UC Santa Barbara Researchers Led by Shuji Nakamura Achieve Major Breakthrough in Laser Diode Development
A team of researchers at the University of California, Santa Barbara led by Shuji Nakamura, winner of the 2006 Millennium Technology Prize, has reported a major breakthrough in laser diode development.
The researchers, from the Solid State Lighting and Display Center in UCSB's College of Engineering, have achieved lasing operation in nonpolar gallium nitride (GaN) semiconductors and demonstrated the world's first nonpolar blue-violet laser diodes.
The nonpolar blue-violet laser diodes have numerous commercial applications, including high-density optical data storage for high definition displays and video, optical sensing, and medical applications.
Because of the shorter wavelength of emission in these devices, they can accommodate higher densities of optical storage than conventional red-laser based systems.
Nakamura, a professor in the Department of Materials at UC Santa Barbara's College of Engineering, is internationally known for his invention of revolutionary new light sources: blue, green, and white light-emitting diodes and the blue laser diode. He and two of his UCSB faculty colleagues, professors Steven DenBaars and James Speck, directed the work of two graduate students, Mathew Schmidt and Kwang Choong Kim, who fabricated the new nonpolar blue-violet laser diodes.
The findings have now been submitted for publication. A public demonstration of the nonpolar blue-violet laser is being planned for early February at UC Santa Barbara.
Said Nakamura: "Our initial results of the first violet nonpolar laser diodes with a low threshold current density demonstrate a high possibility that current c-plane violet laser diodes used for HD-DVD and Blue Ray DVD could soon be replaced with nonpolar violet laser diodes, which require lower operating power and have longer lifetimes.
"UCSB's Solid State Lighting and Display Center," added Nakamura, "has done pioneering work on nonpolar and semipolar devices in the past and continues to be a top research center in this field."
The new blue-violet laser diodes displayed threshold current densities as low as 7.5kA/cm2, clear far-field pattern and a lasing wavelength of 405 nanometers under pulsed operation.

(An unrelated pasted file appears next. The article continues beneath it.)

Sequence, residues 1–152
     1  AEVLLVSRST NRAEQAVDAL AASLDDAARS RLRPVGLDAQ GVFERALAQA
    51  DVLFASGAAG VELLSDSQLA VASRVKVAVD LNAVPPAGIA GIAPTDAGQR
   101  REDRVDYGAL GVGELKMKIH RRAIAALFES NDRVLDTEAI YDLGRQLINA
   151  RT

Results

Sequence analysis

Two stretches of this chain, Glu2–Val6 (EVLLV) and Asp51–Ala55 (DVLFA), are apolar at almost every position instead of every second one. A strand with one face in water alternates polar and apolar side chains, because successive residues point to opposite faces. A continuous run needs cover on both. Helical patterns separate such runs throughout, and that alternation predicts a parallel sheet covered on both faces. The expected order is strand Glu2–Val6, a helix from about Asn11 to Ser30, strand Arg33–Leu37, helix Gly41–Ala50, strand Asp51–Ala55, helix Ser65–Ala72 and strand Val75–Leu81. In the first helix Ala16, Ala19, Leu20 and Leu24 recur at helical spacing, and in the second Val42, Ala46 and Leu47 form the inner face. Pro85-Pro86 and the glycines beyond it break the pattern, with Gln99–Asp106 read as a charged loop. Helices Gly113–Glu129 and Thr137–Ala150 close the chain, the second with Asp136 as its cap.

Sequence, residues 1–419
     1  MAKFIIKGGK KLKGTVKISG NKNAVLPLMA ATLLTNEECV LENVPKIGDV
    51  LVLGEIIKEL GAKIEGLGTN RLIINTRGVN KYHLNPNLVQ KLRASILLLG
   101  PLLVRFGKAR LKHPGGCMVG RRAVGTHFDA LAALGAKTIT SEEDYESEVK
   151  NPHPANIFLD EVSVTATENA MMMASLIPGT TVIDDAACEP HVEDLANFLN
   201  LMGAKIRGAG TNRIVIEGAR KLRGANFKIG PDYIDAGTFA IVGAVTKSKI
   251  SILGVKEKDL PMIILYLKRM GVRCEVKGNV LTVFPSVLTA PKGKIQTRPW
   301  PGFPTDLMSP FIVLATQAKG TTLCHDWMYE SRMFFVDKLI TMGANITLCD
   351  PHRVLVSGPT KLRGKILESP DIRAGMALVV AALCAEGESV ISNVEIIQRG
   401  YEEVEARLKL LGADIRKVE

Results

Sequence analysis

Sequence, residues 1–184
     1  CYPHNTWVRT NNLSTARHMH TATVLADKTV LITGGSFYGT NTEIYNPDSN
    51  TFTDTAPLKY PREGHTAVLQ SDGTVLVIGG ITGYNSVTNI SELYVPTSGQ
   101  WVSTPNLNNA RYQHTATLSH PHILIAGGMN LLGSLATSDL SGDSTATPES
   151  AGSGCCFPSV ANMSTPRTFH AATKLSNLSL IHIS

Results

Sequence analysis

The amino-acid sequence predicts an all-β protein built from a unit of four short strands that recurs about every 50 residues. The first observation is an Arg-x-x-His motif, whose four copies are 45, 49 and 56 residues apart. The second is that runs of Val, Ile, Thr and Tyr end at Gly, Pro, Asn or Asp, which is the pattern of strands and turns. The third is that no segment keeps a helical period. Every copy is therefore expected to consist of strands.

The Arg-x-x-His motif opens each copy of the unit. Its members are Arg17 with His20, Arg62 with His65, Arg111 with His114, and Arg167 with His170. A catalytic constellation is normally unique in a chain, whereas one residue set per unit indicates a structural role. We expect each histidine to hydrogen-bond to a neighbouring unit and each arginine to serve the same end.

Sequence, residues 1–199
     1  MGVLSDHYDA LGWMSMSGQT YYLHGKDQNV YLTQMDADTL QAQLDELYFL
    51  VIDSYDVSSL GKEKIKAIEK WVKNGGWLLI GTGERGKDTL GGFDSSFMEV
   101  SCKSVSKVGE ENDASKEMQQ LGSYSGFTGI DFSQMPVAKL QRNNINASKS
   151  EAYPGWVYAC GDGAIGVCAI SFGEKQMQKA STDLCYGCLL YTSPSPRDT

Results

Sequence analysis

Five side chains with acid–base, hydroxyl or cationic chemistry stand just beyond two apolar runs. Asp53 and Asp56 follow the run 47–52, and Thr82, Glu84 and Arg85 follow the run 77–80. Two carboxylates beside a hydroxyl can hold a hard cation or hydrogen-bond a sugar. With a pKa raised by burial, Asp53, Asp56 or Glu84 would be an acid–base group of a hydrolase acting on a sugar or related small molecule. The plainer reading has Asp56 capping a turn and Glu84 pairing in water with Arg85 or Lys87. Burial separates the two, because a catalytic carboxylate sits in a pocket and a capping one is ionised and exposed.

This new class of gallium nitride-based laser diode is based on novel nonpolar orientations of GaN that were pioneered at UC Santa Barbara. Devices based on nonpolar GaN semiconductors are expected to yield lower threshold current than the commercially available c-plane devices.
These new orientations of GaN will result in laser diodes with lower operating power and longer lifetimes, which are necessary for high-performance operation.
Campus officials applauded the latest discovery. "This is a groundbreaking advancement in laser diodes and a major step in solid-state lighting technology," said UCSB Chancellor Henry T. Yang, who visited the researchers' laboratory minutes after hearing news of the exciting discovery. "The blue-violet laser will improve high density optical data storage for high definition TV, video discs, and optical sensors, and will also have applications in and long-term benefits for the communication, entertainment, medical, and environmental areas."
Matthew Tirrell, dean of UCSB's College of Engineering, said he was proud that his colleagues are achieving breakthroughs "not only in solid state light sources for data storage and display systems, but also in energy efficient technologies that will have impact on people's lives for decades to come."
The Solid State Lighting and Display Center (SSLDC) is focused on advancing new semiconductor-based, energy-efficient lighting and display technologies through partnerships with key industry leaders. Funding for the latest research was provided jointly by the SSLDC and the Japan Science & Technology Agency's Exploratory Research for Advanced Technology program.
†The photograph shows the far-field pattern of the world's first gallium nitride (GaN) nonpolar blue-violet laser diodes. The bright spots illustrate clear lasing modes.
Credit: UCSB Solid State Lighting and Display Center.